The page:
Often times, going gluten free isn’t enough. If you’ve decided to try or are already on a dairy free, you’ll many substitutes for dairy items. Let’s get started by addressing a dairy free substitute for butter!
Butter is usually the hardest dairy item to substitute. Let’s look at what butter is made:: 80% fat + 20% water.
Coconut Oil or Refined Coconut Oil
I have tried using 80% refined organic coconut oil (refined doesn’t have any coconut flavor) plus 20% water and it came pit awfully close, but just did not quite contain enough fat. So, when using refined or regular coconut oil, try using 80% + 20% full-fat coconut milk or 90% coconut oil + 10% water.
My favorite substitute for butter or coconut oil using the above formula is palm oil made by either Essential Depot or Okanarur. I first began using palm oil in gluten free vegan cookies for a recipe development client and they all turned out amazing! He thought so as well.
Making this luscious gluten free zebra cake is a breeze if you know how much batter to pour and how to evenly distribute the batter. Watch this 2 minute video to learn how. Then, head on over to get the recipe and tons of step-by-step photos.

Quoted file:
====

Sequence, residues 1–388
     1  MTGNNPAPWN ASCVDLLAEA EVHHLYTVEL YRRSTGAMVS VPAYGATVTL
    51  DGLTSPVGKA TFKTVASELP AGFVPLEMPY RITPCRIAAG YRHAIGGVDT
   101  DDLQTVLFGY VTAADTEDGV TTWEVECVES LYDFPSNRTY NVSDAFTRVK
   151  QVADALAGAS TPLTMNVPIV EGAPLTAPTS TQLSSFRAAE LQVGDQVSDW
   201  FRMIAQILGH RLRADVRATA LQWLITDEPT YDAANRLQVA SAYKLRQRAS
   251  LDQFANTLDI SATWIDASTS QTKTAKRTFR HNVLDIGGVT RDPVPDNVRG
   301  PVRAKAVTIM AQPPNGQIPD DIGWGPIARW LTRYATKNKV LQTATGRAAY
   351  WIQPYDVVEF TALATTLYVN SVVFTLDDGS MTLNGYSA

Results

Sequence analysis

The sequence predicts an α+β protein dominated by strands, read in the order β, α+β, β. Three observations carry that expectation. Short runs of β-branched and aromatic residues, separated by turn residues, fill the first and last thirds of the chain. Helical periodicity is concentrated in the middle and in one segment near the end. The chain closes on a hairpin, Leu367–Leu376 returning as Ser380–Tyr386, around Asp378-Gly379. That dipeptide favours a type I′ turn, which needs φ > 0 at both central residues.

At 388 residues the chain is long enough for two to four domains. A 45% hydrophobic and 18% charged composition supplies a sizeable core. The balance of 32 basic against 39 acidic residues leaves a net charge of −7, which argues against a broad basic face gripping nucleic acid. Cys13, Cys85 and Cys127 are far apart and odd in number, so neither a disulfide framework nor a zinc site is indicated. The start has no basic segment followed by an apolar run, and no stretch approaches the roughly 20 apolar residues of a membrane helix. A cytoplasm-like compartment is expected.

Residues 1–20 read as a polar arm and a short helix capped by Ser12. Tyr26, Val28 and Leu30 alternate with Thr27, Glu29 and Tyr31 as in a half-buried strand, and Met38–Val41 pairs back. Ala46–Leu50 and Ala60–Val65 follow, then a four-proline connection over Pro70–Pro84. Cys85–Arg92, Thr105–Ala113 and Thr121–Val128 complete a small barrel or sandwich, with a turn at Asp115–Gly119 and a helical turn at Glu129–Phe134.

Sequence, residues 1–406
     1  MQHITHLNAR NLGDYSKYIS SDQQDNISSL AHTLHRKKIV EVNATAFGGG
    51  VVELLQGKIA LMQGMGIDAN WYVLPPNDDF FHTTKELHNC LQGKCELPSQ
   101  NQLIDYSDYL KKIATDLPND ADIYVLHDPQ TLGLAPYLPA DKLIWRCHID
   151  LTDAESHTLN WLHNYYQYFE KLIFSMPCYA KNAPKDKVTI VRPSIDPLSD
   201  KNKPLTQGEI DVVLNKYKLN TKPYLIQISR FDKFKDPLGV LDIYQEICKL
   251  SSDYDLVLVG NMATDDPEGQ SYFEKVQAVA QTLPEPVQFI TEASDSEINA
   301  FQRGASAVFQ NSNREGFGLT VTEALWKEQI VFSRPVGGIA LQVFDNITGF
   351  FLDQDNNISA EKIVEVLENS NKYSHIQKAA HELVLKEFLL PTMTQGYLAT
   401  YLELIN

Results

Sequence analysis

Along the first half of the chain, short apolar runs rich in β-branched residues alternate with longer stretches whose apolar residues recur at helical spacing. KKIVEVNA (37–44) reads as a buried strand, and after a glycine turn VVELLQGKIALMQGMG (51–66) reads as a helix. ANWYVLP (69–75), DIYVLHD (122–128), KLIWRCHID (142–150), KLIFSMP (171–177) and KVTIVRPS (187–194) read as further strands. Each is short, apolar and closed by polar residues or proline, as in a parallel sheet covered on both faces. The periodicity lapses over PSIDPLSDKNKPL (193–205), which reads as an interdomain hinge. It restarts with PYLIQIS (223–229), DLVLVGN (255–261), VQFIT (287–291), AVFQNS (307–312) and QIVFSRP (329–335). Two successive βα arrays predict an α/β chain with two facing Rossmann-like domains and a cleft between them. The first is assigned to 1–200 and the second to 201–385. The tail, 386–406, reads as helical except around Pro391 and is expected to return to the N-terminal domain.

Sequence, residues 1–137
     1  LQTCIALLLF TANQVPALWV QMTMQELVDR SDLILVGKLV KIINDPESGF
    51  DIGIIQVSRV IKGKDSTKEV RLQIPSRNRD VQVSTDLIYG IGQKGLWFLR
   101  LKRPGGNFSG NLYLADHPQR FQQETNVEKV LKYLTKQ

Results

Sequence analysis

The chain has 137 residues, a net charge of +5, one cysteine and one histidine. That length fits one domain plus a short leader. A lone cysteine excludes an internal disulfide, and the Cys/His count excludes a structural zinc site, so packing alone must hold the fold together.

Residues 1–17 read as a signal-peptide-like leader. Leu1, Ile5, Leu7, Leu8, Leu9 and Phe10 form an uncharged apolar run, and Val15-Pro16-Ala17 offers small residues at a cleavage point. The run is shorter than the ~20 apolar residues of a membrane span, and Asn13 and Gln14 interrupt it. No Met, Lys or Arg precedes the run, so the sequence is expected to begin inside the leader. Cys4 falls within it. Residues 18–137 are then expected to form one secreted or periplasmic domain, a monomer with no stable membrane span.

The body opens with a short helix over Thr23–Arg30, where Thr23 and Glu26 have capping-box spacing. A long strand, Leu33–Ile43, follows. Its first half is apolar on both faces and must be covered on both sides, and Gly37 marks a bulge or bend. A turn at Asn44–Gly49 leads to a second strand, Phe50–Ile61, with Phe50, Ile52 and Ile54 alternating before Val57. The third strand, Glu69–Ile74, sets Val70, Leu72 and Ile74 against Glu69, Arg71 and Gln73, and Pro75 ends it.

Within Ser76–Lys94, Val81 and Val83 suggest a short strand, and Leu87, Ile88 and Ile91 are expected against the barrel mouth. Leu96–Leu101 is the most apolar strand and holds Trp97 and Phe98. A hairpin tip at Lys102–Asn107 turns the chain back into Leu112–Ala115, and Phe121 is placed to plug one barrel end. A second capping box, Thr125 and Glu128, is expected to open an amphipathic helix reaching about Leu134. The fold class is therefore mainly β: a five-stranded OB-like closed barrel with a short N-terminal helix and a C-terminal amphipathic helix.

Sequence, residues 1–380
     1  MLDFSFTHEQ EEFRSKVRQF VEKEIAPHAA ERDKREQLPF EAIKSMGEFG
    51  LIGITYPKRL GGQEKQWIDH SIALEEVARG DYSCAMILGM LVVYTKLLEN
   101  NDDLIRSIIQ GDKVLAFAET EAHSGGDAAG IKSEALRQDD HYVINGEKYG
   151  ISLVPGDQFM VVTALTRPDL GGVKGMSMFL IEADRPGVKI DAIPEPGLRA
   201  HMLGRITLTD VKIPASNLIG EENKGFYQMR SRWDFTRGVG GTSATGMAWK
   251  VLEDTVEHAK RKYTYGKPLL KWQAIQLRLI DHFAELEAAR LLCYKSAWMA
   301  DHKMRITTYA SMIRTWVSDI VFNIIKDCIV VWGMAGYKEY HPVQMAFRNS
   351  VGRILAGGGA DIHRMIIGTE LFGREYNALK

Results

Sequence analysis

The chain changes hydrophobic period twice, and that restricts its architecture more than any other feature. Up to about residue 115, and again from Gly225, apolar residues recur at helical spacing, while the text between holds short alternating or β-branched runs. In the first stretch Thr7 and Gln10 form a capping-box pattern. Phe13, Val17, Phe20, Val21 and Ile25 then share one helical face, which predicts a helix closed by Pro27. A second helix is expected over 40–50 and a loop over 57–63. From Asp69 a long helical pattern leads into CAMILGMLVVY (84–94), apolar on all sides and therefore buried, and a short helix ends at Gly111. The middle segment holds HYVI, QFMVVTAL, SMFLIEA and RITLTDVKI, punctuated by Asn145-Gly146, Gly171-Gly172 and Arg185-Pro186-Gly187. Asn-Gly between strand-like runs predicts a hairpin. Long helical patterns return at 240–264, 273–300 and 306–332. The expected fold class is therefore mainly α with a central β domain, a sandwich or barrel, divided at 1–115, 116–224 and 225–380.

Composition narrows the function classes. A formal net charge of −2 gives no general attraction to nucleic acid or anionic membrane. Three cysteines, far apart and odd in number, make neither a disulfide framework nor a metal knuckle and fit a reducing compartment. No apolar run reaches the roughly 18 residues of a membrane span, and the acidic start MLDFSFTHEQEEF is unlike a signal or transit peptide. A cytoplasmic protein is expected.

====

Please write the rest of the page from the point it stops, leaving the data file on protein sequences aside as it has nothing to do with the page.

Not only is this gluten free zebra cake a show-stopper, it is the best gluten free cake I have ever made! While the zebra stripes are a little extra work, it is well worth it in the end. And the frosting is the best chocolate frosting I have ever had. It’s so good that my husband has requested this cake for his birthday instead of his usual pineapple upside down cake.
When you wish to add a coffee flavor to white chocolate ganache or you want to add a second or third layer of chocolate to a dessert, make this gluten free white chocolate ganache recipe. Use it to top desserts, frost cakes, make or fill chocolate truffles, and more.
We’re huge fans of a cheesecake, but this Gluten Free Caramel Apple Cheesecake received high praise from everyone, including gluten-eaters. The cheesecake filling is not very sweet; its filling is light yet rich; and the caramel topping is to die for! This recipe is also fairly easy to make!